Notes:: Raspberry Pi SDCard Resize

This is a note in my log, very handy if in future we need to resize the SDCard for use in any Raspberry Pi or other similar device.

In my case i have a Samsung SDHC 8GB class 6, so you need to use this adapted to yours:


Source for the cheat is:

It’s not a very difficult task, and if you have any Ubuntu at your computer you can do this easily.

You only have to determine wher’s the card mounted in your pc, and to do that, after inserting the card in the reader, at a terminal just issue the command “df” which will give you the filesystem mount points. From there you can see where is the card. In my netbook it was mounted at /dev/sdb so i will you that below.


  • Use parted to examine the card
$ sudo parted /dev/sdb
(parted) unit chs
(parted) print
Disk /dev/sdb: 121535,3,31
Sector size (logical/physical): 512B/512B
BIOS cylinder,head,sector geometry: 121536,4,32.  Each cylinder is 65.5kB.
Partition Table: msdos

Number  Start      End         Type     File system     Flags
 1      16,0,0     1215,3,31   primary  fat32           lba
 2      1232,0,0   26671,3,31  primary  ext4
 3      26688,0,0  29743,3,31  primary  linux-swap(v1)
This shows how my SD card was formatted after writing the image. Notice that nothing uses the card from end of ‘cylinder’ 29743 to the card’s maximum at 121535.
Partition 1 is the boot partition: we’ll leave that alone. Partition 2 is the root partition, which we’ll grow to fill most of the card. Partition 3 is the swap space, which needs to be moved to the end of the card. Note that on some other versions of linux (and some other versions of hardware) use /sde not /sdb.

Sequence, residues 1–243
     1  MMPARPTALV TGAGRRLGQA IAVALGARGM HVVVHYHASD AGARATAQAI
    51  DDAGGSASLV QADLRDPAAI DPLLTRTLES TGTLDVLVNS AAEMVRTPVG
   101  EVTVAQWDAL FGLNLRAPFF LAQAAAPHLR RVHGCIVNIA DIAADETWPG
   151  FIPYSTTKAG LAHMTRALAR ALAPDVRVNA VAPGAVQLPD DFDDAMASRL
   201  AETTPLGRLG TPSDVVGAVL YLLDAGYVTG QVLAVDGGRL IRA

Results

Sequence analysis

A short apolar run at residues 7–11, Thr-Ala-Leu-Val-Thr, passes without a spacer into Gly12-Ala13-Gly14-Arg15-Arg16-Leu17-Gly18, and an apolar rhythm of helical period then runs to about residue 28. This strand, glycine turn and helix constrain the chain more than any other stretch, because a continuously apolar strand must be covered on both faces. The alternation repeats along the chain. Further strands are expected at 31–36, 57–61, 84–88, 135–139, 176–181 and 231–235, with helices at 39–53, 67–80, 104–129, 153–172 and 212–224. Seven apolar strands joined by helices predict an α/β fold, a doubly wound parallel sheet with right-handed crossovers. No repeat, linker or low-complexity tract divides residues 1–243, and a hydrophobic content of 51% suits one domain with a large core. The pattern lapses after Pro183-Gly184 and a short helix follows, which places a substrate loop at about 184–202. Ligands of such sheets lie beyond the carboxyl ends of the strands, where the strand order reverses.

• Move the swap partition (you’ll have to adjust the numbers so that the end of partition 3 is at the end cylinder/head/sector of the card)
  • to calculate the number to use in the following command do:- (Maximum - (Partition 3 End - Partition 3 Start) ) - 1 = Partition 3 New Start so in this example (121535 - ( 29743 - 26688)) -1 = 118479
(parted) move 3 118479,0,0
  • Now grow the root partition. This involves removing the partition, re-creating it, then using resize2fs to grow the filesystem to fill the partition. It won’t destroy any data.
(parted) rm 2
(parted) mkpart primary 1232,0,0 118478,3,31
(parted) quit
Note that the starting address of the new partition is identical to its original value, and the ending address is immediately before the start of the swap partition.
  • Now clean and resize the root partition. As before, some users may need to use /sde2 instead.
$ sudo e2fsck -f /dev/sdb2
(allow it to add lost-and-found)
$ sudo resize2fs /dev/sdb2
  • Then put the card in the RPi and boot. You end up with a 7Gb partition to use.
[email protected]:~$ df -h
Filesystem            Size  Used Avail Use% Mounted on
tmpfs                  94M  4.0K   94M   1% /lib/init/rw
udev                   10M  168K  9.9M   2% /dev
tmpfs                  94M     0   94M   0% /dev/shm
rootfs                7.1G  1.3G  5.4G  20% /
/dev/mmcblk0p1         75M   28M   48M  37% /boot

One Comment

  1. Other variant from this manual, and in some way more simple:

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